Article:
So does this mean the Penguins already have two picks in the third round of the 2016 NHL Entry Draft? Nope.

Pittsburgh decided to flip this pick from the Devils to the Toronto Maple Leafs as one of the many components of the complicated Phil Kessel trade, which even still has several conditional picks up in the air. This gives Toronto as many as 11 picks so far in the next draft. I suggest you visit to General Fanager and look down the left side of the Leafs’ team page for more detail on those picks. It really is a carnival.


With both Mike Babcock and Dan Bylsma out of the NHL’s head coaching pool, Todd McLellan was still available and in high demand. The Edmonton Oilers snagged him as part of their rebuild and the San Jose Sharks wanted compensation. The only problem was that the Oilers didn’t have a third round pick to give the Sharks. After some help from General Fanager himself, here is the agreement that the Sharks and Oilers came to:

Oilers, Sharks agreement


Ultimately, the Oilers helped the Sharks draft American goalie Mike Robinson this past June. To read the full explanation General Fanager laid out for compensation, click here.


I remember the day “Loophole Lou” became the Leafs’ GM. It was such a whirlwind that many people, including some NHL reporters, didn’t even know Lamoriello had left his position with the Devils before he had signed on to manage the Leafs.

For the Devils’ troubles, they are owed a third-round pick from the Leafs in either the 2016, 2017, or 2018 NHL Entry Drafts. For those keeping score at home, that’s now two different third-rounders the Leafs must give up on between the Babcock and Lamoriello signing.

My question is this: The Leafs know they have to give up a third-rounder at some point. Between the Devils and Red Wings, how does Toronto decide who to compensate first? Sportsnet’s Elliotte Friedman and Damien Cox tell me that there is no precedence and Toronto can choose who gets what. Strange situation, I know. Also strange is that just like Chiarelli in Edmonton, Lamoriello may end up surrendering the very draft pick used as compensation for himself.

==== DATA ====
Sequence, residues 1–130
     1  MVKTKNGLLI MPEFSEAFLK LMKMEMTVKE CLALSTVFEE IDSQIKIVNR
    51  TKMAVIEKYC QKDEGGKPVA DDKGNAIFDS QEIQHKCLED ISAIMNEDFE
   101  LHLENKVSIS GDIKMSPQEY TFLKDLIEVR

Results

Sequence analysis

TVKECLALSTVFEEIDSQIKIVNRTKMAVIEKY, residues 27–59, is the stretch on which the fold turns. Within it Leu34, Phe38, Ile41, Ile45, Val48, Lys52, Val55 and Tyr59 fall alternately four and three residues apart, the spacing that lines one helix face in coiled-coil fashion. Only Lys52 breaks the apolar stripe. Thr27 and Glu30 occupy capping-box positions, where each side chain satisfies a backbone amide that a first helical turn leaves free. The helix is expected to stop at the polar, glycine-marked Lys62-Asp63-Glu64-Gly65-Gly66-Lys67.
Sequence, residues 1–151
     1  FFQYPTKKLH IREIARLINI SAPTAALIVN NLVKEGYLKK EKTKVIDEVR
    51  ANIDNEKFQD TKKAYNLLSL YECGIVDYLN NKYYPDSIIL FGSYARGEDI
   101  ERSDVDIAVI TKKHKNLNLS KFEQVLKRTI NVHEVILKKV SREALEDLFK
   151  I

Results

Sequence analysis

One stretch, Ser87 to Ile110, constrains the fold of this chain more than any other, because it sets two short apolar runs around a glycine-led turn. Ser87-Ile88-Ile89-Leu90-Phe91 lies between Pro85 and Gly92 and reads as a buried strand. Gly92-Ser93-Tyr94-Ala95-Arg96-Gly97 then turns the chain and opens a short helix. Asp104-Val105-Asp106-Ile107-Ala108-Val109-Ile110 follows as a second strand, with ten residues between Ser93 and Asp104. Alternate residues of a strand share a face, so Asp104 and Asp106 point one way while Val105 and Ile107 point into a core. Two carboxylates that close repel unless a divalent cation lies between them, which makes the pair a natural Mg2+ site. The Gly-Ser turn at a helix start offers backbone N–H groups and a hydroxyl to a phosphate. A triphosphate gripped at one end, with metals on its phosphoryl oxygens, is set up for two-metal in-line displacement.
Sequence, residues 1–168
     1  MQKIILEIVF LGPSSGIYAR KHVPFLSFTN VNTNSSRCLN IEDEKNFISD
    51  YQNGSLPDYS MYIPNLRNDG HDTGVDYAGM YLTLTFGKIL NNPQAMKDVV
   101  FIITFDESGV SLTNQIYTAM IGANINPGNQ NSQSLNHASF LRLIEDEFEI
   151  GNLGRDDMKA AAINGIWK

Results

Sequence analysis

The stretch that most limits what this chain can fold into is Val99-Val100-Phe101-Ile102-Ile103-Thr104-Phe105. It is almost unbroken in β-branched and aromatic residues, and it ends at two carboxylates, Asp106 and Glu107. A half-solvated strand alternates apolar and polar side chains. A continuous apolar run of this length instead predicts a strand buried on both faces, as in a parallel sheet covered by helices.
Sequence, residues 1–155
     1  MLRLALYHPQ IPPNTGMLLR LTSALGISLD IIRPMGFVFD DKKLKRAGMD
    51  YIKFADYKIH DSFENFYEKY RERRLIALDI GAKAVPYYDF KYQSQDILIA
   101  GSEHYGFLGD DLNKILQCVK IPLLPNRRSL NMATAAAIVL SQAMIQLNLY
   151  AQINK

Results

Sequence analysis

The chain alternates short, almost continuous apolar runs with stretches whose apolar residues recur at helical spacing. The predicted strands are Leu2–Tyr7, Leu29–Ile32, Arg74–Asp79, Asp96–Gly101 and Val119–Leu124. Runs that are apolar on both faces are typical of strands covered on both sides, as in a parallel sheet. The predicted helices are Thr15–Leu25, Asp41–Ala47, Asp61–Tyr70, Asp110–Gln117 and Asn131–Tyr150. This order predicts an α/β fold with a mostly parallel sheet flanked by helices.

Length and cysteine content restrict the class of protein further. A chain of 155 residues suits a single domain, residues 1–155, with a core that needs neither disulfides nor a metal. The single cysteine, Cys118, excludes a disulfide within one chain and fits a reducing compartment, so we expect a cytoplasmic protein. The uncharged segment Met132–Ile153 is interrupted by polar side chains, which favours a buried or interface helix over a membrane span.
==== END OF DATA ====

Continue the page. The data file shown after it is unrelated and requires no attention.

My head hurts. Last one.


John Tortorella signed a five-year contract with the Vancouver Canucks during the 2013 offseason. There were brawls, he tried to fight Bob Hartley, the Canucks weren’t that good, and he was fired after just one season.

Fast forward to the Columbus Blue Jackets’ disastrous 0-7 start to this season. Columbus decided to fire their head coach Todd Richards and fill the vacancy with the man they call Torts. As a result, the Blue Jackets owe the Canucks a second-round pick in either 2016, 2017, or 2018.

Straight up – I thought this decision was nuts. I wasn’t on board with firing Todd Richards just because Sergei Bobrovsky was in a slump. I was even less on board with surrendering a second-rounder to replace Richards. The fact that the coach they chose to replace Richards was John Tortorella was the icing on that nutty cake. Low and behold, Columbus is 11-9-1 since Tortorella was hired; a winning record. Maybe I’m the one who’s nuts.

There you have it. Unless somebody decides to surrender a draft choice sometime in the next three weeks, these will end up being the only seven draft picks awarded as compensation for a coach or executive.

Now we wait to say which one of these surrendered draft picks turns out to become a generational superstar.